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Business Observer Friday, Jan. 13, 2017 1 year ago

Diving in

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When lawyer and executive Geoff Young gets away, he really gets away.
by: Traci McMillan Correspondent

Executive: Geoff Young, senior counsel at Trenam Law. Young, 67, has concentrated most of his practice in representing national, regional and community lenders in bank workouts and foreclosures. He is also working on some environmental business projects, including one in sustainable energy and another in sustainable seafood. Young is on the board of American Marine University, which is expected to open next year.

Diversion: Archaeological diving. Young and his wife enjoy diving cenotes, underground water-filled sinkhole caves in the Mayan Yucatán. The couple has gone on more than 30 diving trips with Guillermo “Memo” de Anda, an archaeologist in Mexico they met in 1997. They also sponsor De Anda, who works on the board of Mexico's National Institute of Anthropology and History, is a professor at a local university and is frequently featured on National Geographic.

Crystal skull: Young says his wife was always interested in the spirit world, so when they saw a Discovery Channel special on the “Cult of the Crystal Skull,” they were instantly hooked. “We started because she wanted to find a crystal skull,” Young says. “We've been diving like crazy ever since.” Though they haven't found the crystal skull, they have seen carved crystal in one cave, and they've seen many skulls.

Training: The couple started the adventure by taking two years of specialized training in cave diving. They finished their advanced diving certification in the Yucatán, Mexico. They started exploring caves alone along the Yucatán coast, but after meeting De Anda, they enjoyed exploring cenotes beneath the Peninsula even more. They're hoping to get back for another dive in early 2017.

Indiana Jones: Cenotes are difficult to find, and are inaccessible to anybody but a skilled driver. The Mayans saw the small openings in the earth as a well and a pathway to the god of rain, so gifts and sacrifices were often made near the cenotes. Though it sometimes feels like Indiana Jones, “unlike Indy, we don't take anything,” Young says. They often find ornate ancient Mayan pots, human and animal remains and other artifacts. “It's all museum stuff, but it's so much better left there. ... You leave nothing behind but your bubbles.”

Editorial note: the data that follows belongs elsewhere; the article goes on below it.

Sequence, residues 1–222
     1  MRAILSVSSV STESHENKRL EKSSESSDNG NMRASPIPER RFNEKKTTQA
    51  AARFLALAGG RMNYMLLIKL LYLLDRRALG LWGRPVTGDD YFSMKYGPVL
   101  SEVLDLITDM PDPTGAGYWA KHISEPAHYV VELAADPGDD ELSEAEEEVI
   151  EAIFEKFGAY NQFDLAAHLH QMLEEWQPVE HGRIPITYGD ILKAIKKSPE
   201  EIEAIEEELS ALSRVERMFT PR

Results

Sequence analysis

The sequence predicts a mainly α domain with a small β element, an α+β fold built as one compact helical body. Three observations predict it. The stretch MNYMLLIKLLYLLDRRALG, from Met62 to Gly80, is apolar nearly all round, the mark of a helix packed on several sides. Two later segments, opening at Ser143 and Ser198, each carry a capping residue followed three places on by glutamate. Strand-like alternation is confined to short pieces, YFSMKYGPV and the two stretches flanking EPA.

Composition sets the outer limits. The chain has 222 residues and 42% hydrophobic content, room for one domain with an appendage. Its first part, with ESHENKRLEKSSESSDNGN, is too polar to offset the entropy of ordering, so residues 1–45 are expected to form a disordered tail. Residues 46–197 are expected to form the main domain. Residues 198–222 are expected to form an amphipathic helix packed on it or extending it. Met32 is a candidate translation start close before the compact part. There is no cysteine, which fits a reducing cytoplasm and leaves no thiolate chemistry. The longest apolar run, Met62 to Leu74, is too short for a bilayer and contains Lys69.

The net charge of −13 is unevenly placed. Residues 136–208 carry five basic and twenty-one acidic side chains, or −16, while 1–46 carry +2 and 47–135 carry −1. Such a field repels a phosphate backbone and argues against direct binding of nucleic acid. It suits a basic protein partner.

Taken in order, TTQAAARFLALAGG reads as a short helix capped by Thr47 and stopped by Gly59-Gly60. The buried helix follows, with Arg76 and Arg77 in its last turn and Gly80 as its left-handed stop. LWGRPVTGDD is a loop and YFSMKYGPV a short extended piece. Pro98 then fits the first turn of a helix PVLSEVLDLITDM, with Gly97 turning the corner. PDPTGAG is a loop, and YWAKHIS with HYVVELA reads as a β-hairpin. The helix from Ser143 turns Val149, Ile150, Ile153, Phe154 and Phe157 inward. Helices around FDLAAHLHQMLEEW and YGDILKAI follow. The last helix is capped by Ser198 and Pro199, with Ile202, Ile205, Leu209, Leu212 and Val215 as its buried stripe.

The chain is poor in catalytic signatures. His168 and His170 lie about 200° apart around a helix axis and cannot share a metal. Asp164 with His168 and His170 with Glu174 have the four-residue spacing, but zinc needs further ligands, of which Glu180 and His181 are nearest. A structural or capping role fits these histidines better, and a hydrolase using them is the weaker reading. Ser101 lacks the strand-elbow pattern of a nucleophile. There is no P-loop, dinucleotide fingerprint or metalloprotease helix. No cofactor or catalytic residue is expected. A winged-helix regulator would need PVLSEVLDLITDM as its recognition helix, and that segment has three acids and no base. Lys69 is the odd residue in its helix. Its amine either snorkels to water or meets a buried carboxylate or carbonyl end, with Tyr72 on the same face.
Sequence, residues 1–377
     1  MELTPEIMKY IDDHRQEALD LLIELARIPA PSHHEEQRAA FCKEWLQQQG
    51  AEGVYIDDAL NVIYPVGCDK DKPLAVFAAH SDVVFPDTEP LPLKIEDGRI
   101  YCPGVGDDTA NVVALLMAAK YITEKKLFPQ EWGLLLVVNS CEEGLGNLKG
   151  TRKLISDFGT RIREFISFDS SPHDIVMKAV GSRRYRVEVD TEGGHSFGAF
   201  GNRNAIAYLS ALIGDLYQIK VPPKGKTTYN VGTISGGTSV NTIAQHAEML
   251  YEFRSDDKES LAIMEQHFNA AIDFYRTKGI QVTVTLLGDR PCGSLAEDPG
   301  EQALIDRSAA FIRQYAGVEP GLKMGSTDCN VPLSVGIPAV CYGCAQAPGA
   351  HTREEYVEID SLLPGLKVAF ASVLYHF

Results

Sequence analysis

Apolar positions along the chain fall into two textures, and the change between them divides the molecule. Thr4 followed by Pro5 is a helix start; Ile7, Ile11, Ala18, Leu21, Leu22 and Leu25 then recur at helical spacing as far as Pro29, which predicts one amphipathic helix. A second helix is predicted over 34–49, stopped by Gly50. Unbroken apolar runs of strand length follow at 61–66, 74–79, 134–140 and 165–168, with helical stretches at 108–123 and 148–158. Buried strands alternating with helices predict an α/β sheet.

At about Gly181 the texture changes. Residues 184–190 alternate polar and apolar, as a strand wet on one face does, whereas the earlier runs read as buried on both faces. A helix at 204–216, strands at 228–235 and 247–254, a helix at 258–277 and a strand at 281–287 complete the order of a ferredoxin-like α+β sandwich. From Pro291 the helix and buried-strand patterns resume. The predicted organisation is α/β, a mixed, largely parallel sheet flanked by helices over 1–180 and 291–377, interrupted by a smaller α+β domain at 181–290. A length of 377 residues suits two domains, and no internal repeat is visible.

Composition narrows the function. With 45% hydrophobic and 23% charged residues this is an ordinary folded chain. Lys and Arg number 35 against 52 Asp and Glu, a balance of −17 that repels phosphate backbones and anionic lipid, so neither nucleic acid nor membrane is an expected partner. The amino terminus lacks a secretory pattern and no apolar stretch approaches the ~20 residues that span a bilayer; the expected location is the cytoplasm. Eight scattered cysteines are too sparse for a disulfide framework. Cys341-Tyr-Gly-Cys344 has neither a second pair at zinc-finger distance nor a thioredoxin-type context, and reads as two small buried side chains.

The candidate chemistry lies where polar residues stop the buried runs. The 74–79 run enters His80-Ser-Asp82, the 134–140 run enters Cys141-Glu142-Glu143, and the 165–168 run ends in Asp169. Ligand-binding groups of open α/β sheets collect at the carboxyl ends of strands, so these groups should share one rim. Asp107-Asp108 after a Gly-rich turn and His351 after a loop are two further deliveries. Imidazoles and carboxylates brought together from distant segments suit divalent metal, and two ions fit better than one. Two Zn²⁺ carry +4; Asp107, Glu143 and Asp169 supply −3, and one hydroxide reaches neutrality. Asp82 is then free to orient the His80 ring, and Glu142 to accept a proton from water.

Discovering history: In one dive, Young says they discovered a crucifix with a body that was part of a sacrifice described in Spanish Bishop Diego de Landa's journal 600 to 700 years ago. De Landa is known for destroying Mayan literature and culture.
In another dive, at the famous Mayan ruins Chichen Itzá, the group found a royal burial site, with a ceremonial bowl, and two bodies adorned with jade beads. Chichen Itzá is only 7-8% excavated, and the cenote was at the back of the site, miles away in a farmer's cornfield. “Being involved in the first dive there was very neat,” Young says.

The adventure: Some cenotes are an adventure to get to in itself. You oftentimes find a guide, hire four to six local Mayans to lift equipment and find the village elder to get permission to access it. The villagers bring you to the back of the jungle, and you must clear away rocks and climb through trees to discover the cenote. “You spend 12 hours in the jungle and then you have one dive,” Young says. The dives are usually 10 to 20 feet under the Yucatán peninsula, but to get there sometimes you need to repel down a well in full dive gear, Young says. When you get to the water, “it's not dark, it's black.”

Dark waters: The spookiest dive the Youngs went on was to Sabakja, a surf lake named for its dark waters. The top is covered in green algae. When you first go down, you can't see anything. Then, all of a sudden, you can see 300 feet in front of you. The algae at the top make for an ambient green-orange light, Young says. He says everyone came out of the water with their hair standing on end.

Three skulls: Young says the time that shocked him the most was when they went on an incredibly deep dive, into a cenote with at least 70 skulls. When they were decompressing on the way up, the entire wall was covered with hundreds of bones. Then all of a sudden, there were three skulls facing him in the ledge. Says Young: “That spooked the s--t out of me; they had to have been placed there.”

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